Over the decades, we have been perennial recipients of a College Bulletin from our Alma Mater. As a general rule, upon receipt, we would quickly flip through the pages of the shiny lithography, quickly noting the contemporary photos of the Campus, and briefly scanning the notices of recent alumni achievements in the arts and the business world; and then, within a total of approximately ten minutes, discard the publication.
The other day, we received our current copy of the annual publication, and, consistent with our past protocol, we flipped quickly through the pages, viewed the photographs and briefly noted the laudatory articles. But then, suddenly, and remarkably, as if motivated by some kind of mandated subliminal suggestion, and for the very first time, we chose to examine the extensive listing of deceased alumni, arranged by years of graduation, which we had always ignored.
Generally speaking, we have never been complete strangers, to the inevitable fact of universal human mortality; albeit, admittedly, we have expended very little time in its contemplation. Indeed, it is somewhat conceivable that, confessing in retrospect, we may have been intentionally and defensively avoiding the anticipated discomfort and fear, associated with the subject.
Returning to the subject of our described experience, we are totally unaware of the etiology of that sudden impulse, (viz.,) to visit (for the first time) the annually published (extensive) list of deceased alumni, ordinarily by-passed by us. In so doing (perhaps, as feared) we, unhappily, discovered, among said list, the familiar names of two deceased alumni. We experienced an internal “check,” or should we say, “shock,” at such recognition. For an instant, we were sadly and wistfully, caused to, imagine vague, snapshot-like images of the remembered personalities.
But, then, suddenly and unexplainably, during the course of this melancholy recollection, a sudden eclat-like epiphany of alien thought, somehow, amazingly and energetically arrived, dispelling our sad ruminations, and leading to the foregoing realizations; offering, to us, the choice of an alternate, and perhaps, a more mature and less painful perspective.
We came to the realization that mankind was fortunately awarded a full cornucopia of valuable gifts from a generous evolution; among which is the ability to walk erect, to perform required tasks, by reason of an opposable thumb, to employ, as desired, the broad array of human senses, and to experience a body whose systemic function is no short of a marvel; but far above all that evolution thus generously gave to man, was the advanced brain. It is this brain potential which enabled homo sapiens to enter upon a course of development, becoming the marvel of the natural world. We recognized that sentient mankind has, for eons, been manifestly progressing along a path of advancement and enhancement, so that, to date, it has accomplished a great many miraculous feats, including the understanding of himself, the curing of many serious diseases, traveling to the moon, and soon, perhaps, further out in space.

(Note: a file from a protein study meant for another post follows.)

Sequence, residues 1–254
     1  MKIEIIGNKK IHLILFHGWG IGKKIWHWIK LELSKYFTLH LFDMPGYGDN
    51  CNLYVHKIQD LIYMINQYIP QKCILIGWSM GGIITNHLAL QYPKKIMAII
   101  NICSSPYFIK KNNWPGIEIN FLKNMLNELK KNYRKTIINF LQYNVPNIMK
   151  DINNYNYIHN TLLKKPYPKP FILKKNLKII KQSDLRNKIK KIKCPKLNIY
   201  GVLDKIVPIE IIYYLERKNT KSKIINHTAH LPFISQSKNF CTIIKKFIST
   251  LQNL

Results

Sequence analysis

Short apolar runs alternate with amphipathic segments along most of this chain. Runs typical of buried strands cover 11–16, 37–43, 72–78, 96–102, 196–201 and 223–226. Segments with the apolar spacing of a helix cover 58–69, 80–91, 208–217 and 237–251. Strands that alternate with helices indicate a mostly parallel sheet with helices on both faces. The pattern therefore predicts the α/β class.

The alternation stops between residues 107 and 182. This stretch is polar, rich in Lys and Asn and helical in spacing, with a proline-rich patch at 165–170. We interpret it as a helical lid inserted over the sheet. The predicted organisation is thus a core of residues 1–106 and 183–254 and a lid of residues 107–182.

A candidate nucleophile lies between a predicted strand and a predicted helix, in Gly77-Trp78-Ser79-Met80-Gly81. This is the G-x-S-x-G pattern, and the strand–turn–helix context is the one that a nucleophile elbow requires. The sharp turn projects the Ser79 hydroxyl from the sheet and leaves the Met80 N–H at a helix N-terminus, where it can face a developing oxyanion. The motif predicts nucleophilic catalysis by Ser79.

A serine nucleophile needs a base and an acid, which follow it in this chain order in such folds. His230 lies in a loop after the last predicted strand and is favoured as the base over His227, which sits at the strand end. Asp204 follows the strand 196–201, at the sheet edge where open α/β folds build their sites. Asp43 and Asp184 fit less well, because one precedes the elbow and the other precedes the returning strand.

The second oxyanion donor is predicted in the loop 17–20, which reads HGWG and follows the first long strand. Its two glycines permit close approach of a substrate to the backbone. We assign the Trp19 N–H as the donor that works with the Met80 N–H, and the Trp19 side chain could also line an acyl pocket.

We now came, at last, to finally appreciate and recognize, that such advanced brain has, however, an eternal, but arguably fair, price namely, the capacity of man to be aware of its own mortality. We came to understood that those, who utilize the marvelous franchise of life, in the advancement of their knowledge and perspective, and successfully attain the precious goal of self-fulfillment, will also have developed the wisdom of gratitude for the opportunity. We also realized, after all this time, that wisdom would, emphatically, prescribe a grateful emphasis on lifetime self- fulfillment, and not useless and desolate, preoccupation with mortality.
After some more thought and further rumination, we earnestly resolved, to read next year’s College Bulletin, inclusive of the” In Memoriam” section, slowly, deliberately, and with new and better perspective.